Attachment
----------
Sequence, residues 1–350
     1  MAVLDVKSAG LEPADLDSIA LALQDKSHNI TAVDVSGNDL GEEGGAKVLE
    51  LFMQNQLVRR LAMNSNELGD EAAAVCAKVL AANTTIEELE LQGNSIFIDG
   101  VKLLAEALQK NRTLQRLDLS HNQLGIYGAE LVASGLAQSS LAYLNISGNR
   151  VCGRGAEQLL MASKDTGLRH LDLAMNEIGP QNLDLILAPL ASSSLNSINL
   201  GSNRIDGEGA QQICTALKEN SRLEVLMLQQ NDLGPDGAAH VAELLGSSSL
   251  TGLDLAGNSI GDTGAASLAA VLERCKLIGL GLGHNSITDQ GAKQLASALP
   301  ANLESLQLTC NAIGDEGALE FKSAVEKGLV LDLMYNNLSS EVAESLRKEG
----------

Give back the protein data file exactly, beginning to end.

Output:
Sequence, residues 1–350
     1  MAVLDVKSAG LEPADLDSIA LALQDKSHNI TAVDVSGNDL GEEGGAKVLE
    51  LFMQNQLVRR LAMNSNELGD EAAAVCAKVL AANTTIEELE LQGNSIFIDG
   101  VKLLAEALQK NRTLQRLDLS HNQLGIYGAE LVASGLAQSS LAYLNISGNR
   151  VCGRGAEQLL MASKDTGLRH LDLAMNEIGP QNLDLILAPL ASSSLNSINL
   201  GSNRIDGEGA QQICTALKEN SRLEVLMLQQ NDLGPDGAAH VAELLGSSSL
   251  TGLDLAGNSI GDTGAASLAA VLERCKLIGL GLGHNSITDQ GAKQLASALP
   301  ANLESLQLTC NAIGDEGALE FKSAVEKGLV LDLMYNNLSS EVAESLRKEG